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# Negative multinomial distribution

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### Negative multinomial distribution

 Notation \textrm{NM}(k_0,\,p) k0 ∈ N0 — the number of failures before the experiment is stopped, p ∈ Rm — m-vector of “success” probabilities, p0 = 1 − (p1+…+pm) — the probability of a “failure”. k_i \in \{0,1,2,\ldots\}, 1\leq i\leq m \Gamma\!\left(\sum_{i=0}^m{k_i}\right)\frac{p_0^{k_0}}{\Gamma(k_0)} \prod_{i=1}^m{\frac{p_i^{k_i}}{k_i!}}, where Γ(x) is the Gamma function. \tfrac{k_0}{p_0}\,p \tfrac{k_0}{p_0^2}\,pp' + \tfrac{k_0}{p_0}\,\operatorname{diag}(p) \bigg(\frac{p_0}{1 - p'e^{it}}\bigg)^{\!k_0}

In probability theory and statistics, the negative multinomial distribution is a generalization of the negative binomial distribution (NB(r, p)) to more than two outcomes.

Suppose we have an experiment that generates m+1≥2 possible outcomes, {X0,…,Xm}, each occurring with non-negative probabilities {p0,…,pm} respectively. If sampling proceeded until n observations were made, then {X0,…,Xm} would have been multinomially distributed. However, if the experiment is stopped once X0 reaches the predetermined value k0, then the distribution of the m-tuple {X1,…,Xm} is negative multinomial. These variables are not multinomially distributed because their sum X1+…+Xm is not fixed, being a draw from a negative binomial distribution.

## Contents

• Negative multinomial distribution example 1
• Parameter estimation 2
• Related distributions 3
• References 4

## Negative multinomial distribution example

The table below shows the an example of 400 Melanoma (skin cancer) Patients where the Type and Site of the cancer are recorded for each subject.

 Type Site Totals Head and Neck Trunk Extremities Hutchinson's melanomic freckle 22 2 10 34 Superficial 16 54 115 185 Nodular 19 33 73 125 Indeterminant 11 17 28 56 Column Totals 68 106 226 400

The sites (locations) of the cancer may be independent, but there may be positive dependencies of the type of cancer for a given location (site). For example, localized exposure to radiation implies that elevated level of one type of cancer (at a given location) may indicate higher level of another cancer type at the same location. The Negative Multinomial distribution may be used to model the sites cancer rates and help measure some of the cancer type dependencies within each location.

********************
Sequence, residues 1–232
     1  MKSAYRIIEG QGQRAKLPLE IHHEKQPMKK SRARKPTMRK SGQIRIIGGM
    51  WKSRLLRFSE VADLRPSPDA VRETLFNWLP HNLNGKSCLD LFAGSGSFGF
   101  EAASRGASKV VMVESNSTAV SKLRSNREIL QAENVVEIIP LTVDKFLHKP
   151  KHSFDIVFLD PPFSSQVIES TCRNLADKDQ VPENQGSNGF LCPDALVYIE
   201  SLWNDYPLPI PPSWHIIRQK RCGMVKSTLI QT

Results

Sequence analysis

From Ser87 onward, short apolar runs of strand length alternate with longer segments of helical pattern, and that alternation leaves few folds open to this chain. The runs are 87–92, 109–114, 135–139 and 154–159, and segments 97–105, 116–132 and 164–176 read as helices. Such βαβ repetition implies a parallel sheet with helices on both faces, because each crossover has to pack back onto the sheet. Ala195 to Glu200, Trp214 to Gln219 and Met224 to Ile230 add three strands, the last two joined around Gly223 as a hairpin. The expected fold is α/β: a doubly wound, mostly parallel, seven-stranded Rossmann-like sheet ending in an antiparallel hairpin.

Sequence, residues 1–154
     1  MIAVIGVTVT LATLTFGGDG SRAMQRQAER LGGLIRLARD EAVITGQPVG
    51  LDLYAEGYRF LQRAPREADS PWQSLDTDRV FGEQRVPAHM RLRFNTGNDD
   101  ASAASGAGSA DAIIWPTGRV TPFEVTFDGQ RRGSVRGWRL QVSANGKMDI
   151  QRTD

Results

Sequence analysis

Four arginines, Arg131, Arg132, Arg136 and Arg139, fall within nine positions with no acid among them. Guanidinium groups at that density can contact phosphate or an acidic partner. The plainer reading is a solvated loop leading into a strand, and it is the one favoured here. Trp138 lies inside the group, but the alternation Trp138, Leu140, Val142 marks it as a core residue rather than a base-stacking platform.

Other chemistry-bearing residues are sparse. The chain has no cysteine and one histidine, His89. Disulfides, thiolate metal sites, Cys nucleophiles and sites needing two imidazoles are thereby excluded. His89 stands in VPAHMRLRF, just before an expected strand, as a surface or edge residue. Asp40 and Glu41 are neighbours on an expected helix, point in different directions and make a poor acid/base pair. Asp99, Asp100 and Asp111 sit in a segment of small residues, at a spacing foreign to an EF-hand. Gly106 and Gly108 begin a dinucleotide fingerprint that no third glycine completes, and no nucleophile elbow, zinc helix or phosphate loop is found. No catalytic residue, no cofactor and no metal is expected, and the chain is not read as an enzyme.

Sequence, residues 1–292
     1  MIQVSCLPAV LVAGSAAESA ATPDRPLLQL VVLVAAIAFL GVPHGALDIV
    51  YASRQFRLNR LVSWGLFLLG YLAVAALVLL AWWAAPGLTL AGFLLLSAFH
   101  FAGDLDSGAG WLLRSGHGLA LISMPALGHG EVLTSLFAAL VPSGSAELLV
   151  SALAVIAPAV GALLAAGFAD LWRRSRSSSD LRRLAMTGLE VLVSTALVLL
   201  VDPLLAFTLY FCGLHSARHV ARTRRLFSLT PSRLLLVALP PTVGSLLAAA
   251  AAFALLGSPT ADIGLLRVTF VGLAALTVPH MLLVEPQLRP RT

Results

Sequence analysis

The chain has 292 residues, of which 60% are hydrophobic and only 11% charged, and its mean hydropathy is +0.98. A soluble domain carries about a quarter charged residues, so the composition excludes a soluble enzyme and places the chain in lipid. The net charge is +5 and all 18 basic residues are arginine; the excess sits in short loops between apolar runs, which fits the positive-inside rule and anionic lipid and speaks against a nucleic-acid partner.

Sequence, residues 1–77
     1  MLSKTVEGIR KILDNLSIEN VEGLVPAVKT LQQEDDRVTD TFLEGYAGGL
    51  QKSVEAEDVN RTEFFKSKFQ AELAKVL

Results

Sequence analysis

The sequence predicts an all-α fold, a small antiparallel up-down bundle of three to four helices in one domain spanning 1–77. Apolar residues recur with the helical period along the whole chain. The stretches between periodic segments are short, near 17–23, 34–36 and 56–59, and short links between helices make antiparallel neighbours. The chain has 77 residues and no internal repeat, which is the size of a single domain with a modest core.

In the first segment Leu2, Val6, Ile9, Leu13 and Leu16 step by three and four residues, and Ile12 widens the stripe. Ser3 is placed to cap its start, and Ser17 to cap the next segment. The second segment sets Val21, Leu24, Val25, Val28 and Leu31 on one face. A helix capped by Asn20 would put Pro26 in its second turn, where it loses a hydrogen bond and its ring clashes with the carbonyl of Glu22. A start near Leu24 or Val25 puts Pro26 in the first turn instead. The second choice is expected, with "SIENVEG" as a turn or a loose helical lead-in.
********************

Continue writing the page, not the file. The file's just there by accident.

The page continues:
If x_{i,j} denote the cancer rates for each site (0\leq i \leq 2) and each type of cancer (0\leq j \leq 3), for a fixed site (i_0) the cancer rates are independent Negative Multinomial distributed random variables. That is, for each column index (site) the column-vector X has the following distribution:

X=\{X_1, X_2, X_3\} \sim NM(k_0,\{p_1,p_2,p_3\}).

Different columns in the table (sites) are considered to be different instances of the random multinomially distributed vector, X. Then we have the following estimates of expected counts (frequencies of cancer):

\hat{\mu}_{i,j} = \frac{x_{i,.}\times x_{.,j}}{x_{.,.}}
x_{i,.} = \sum_{j=0}^{3}{x_{i,j}}
x_{.,j} = \sum_{i=0}^{2}{x_{i,j}}
x_{.,.} = \sum_{i=0}^{2}\sum_{j=0}^{3}}
Example: \hat{\mu}_{1,1} = \frac{x_{1,.}\times x_{.,1}}{x_{.,.}}=\frac{34\times 68}{400}=5.78

For the first site (Head and Neck, j=0), suppose that X=\left \{X_1=5, X_2=1, X_3=5\right \} and X \sim NM(k_0=10, \{p_1=0.2, p_2=0.1, p_3=0.2 \}). Then:

p_0 = 1 - \sum_{i=1}^3{p_i}=0.5
NM(X|k_0,\{p_1, p_2, p_3\})= 0.00465585119998784
cov[X_1,X_3] = \frac{10 \times 0.2 \times 0.2}{0.5^2}=1.6
\mu_2=\frac{k_0 p_2}{p_0} = \frac{10\times 0.1}{0.5}=2.0
\mu_3=\frac{k_0 p_3}{p_0} = \frac{10\times 0.2}{0.5}=4.0
corr[X_2,X_3] = \left (\frac{\mu_2 \times \mu_3}{(k_0+\mu_2)(k_0+\mu_3)} \right )^{\frac{1}{2}} and therefore, corr[X_2,X_3] = \left (\frac{2 \times 4}{(10+2)(10+4)} \right )^{\frac{1}{2}} = 0.21821789023599242.